The leader of Boston's Roman Catholic Archdiocese asked Catholic lawyers and judges to oppose gay marriage in order to help protect what he called the beleaguered institutions of marriage and family.

"The social cost of the breakdown of family life has already been enormous," Archbishop Sean P. O'Malley (search) said Sunday at the annual Red Mass, which is dedicated to those in the legal system. Marriage and the family are "threatened as never before" in America, he added.

O'Malley, who has led the Boston Archdiocese (search) since July 30, didn't specify what legal professionals should do to protect marriage and the family. But afterward, he said in a brief interview, "We hope that they will use their profession and their understanding of the law to defend marriage."

"They're in a better position than any of us to understand what needs to be done to correct a very complicated situation that the court has put us in," he said.

The activists who pushed for the landmark Supreme Judicial Court (search) ruling said they remained baffled by claims that their desire to make their partnerships legally binding is threatening marriage and the family.

Hillary Goodridge, 47, a lead plaintiff with partner Julie Goodridge in the lawsuit that resulted in the recent ruling, said by phone that the issue at the core of the lawsuit was not morality, but "licenses handed out by the government."

"It's impossible for me to understand how Julie and I being married contributes to the breakdown of anything. It contributes to our economic and social well-being, it certainly contributes to the strength of our family and our enduring love for each other," she said.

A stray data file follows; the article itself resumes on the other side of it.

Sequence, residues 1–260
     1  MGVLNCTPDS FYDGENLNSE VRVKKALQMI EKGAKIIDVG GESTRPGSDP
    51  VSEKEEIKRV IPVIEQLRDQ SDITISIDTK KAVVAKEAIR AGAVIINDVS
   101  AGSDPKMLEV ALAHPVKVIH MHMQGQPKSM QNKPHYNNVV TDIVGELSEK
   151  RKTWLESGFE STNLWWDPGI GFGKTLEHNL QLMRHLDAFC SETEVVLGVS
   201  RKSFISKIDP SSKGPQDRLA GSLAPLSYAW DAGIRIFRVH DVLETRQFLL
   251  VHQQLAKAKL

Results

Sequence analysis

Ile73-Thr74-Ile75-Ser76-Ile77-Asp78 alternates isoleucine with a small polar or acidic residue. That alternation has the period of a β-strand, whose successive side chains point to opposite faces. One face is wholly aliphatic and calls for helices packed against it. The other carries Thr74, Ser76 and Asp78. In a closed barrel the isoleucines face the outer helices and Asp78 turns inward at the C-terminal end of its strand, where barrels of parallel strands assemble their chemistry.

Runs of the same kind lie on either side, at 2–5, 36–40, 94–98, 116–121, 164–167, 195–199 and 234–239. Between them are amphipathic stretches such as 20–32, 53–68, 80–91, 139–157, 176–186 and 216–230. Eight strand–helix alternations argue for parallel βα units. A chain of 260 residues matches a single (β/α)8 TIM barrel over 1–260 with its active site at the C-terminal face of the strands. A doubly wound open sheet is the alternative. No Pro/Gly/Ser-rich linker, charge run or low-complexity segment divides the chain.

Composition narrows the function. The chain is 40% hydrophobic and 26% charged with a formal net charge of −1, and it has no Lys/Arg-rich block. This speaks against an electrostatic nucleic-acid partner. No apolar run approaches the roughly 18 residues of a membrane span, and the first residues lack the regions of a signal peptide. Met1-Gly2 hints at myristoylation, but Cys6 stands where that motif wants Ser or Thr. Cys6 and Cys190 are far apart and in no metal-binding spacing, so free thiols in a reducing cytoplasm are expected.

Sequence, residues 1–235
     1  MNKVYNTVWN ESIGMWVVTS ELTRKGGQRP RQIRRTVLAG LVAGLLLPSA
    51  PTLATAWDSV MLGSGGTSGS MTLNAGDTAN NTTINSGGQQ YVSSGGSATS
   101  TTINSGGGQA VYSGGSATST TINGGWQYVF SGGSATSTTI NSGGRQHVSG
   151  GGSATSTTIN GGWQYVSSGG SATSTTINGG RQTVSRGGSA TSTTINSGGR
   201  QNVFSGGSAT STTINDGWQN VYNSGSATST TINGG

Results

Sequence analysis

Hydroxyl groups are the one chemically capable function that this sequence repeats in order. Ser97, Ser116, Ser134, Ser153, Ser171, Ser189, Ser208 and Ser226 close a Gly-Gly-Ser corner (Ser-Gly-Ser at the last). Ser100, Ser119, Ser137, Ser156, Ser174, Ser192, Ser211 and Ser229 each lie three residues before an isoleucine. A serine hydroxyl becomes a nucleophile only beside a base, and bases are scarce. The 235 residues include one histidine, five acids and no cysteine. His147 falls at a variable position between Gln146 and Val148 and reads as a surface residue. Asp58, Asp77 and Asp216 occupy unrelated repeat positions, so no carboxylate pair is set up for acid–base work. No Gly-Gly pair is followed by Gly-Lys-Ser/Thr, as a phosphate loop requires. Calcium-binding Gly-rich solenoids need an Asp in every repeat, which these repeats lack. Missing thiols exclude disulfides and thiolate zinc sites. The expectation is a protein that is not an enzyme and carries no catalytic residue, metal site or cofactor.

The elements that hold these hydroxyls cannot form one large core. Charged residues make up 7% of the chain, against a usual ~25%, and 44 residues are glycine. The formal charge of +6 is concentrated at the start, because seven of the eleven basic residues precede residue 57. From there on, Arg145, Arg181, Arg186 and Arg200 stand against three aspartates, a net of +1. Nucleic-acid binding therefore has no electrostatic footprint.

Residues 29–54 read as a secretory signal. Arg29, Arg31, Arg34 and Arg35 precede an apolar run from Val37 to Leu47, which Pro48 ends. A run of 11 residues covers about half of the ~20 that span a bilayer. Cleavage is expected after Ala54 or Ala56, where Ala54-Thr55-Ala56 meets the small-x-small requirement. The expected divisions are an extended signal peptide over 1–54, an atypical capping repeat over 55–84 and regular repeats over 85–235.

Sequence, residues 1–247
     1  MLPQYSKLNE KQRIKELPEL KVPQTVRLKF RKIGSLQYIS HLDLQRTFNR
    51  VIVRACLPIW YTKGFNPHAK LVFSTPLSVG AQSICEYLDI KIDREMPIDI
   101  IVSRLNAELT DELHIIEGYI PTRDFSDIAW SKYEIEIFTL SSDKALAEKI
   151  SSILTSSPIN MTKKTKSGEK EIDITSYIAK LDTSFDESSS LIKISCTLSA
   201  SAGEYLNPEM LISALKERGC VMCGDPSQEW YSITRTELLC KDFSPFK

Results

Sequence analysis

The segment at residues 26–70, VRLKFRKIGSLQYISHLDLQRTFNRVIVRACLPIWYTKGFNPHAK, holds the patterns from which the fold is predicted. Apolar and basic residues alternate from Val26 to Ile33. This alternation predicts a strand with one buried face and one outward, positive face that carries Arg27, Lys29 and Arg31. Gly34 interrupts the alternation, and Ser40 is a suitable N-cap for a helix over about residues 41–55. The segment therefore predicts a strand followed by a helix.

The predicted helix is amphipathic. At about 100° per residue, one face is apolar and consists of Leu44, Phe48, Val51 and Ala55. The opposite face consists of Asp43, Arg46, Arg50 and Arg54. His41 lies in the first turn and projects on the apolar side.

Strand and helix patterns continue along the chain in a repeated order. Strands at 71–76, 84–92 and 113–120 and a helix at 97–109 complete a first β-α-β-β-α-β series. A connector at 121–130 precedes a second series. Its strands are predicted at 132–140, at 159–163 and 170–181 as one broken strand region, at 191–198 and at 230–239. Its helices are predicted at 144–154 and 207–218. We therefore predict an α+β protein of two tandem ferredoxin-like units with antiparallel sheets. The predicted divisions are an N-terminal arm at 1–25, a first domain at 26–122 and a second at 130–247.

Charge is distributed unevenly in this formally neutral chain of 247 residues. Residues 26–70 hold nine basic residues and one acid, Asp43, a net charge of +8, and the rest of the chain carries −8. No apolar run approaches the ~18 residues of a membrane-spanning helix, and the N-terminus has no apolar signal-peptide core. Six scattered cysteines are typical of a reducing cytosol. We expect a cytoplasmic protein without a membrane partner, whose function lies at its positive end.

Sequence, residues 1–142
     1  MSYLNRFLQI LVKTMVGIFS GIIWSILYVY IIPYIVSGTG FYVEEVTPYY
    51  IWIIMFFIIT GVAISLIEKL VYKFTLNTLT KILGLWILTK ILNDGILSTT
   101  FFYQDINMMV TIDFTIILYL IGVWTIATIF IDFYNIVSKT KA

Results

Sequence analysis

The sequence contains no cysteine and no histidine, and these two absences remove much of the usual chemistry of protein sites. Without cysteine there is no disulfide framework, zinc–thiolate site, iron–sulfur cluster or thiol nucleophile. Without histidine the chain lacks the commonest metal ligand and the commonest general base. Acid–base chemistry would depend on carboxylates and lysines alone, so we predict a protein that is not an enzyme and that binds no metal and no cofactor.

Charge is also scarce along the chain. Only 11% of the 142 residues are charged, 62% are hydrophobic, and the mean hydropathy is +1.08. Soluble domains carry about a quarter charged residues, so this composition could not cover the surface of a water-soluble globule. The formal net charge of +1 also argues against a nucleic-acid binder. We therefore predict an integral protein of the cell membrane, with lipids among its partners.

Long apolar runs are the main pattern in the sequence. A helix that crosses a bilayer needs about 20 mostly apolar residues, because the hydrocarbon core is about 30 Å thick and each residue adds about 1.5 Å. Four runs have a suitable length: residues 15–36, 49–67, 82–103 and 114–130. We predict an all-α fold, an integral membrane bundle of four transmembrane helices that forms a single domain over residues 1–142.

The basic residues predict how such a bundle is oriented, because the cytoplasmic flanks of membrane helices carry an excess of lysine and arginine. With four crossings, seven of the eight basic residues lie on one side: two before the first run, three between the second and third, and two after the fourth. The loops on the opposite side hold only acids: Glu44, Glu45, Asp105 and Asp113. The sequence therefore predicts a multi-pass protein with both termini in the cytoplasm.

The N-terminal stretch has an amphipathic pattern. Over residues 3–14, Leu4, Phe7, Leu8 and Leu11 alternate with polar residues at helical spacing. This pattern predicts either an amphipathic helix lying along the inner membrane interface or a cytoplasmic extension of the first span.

Gay marriage has become a hot political issue in Massachusetts since the Supreme Judicial Court ruled in November that denying marriage rights to gays and lesbians was unconstitutional.

Gay and lesbian rights activists and their supporters applauded the ruling as a civil rights milestone. Plaintiffs in the suit were ecstatic, celebrating with immediate proposals of marriage to each other.

The ruling has also had critics, including the Catholic church. Some state lawmakers, who have until May to come up with legislation that complies with the court ruling, have been looking into whether the court would be satisfied by the passage of a "civil union" law like that passed in Vermont.

After the Mass, Former Supreme Judicial Court Justice Joseph R. Nolan, president of the Catholic Lawyers Guild, said he was "delighted" by O'Malley's words and called gay marriage an "abomination."

"We should speak against it. We should have the courage to speak against it," he said.

The Mass was followed by a Catholic Lawyers Guild luncheon at a Boston hotel. After the luncheon, former Supreme Court nominee Robert Bork assailed the court ruling, saying it was "untethered from the state and federal constitutions."

"If anything justifies the term judicial tyranny, this one does," said Bork, 76, who converted last year to Catholicism, his wife's religion.

But Bork predicted that eventually, the Supreme Court will "go in the direction of" the Massachusetts court, and that gay marriage would become legal nationally.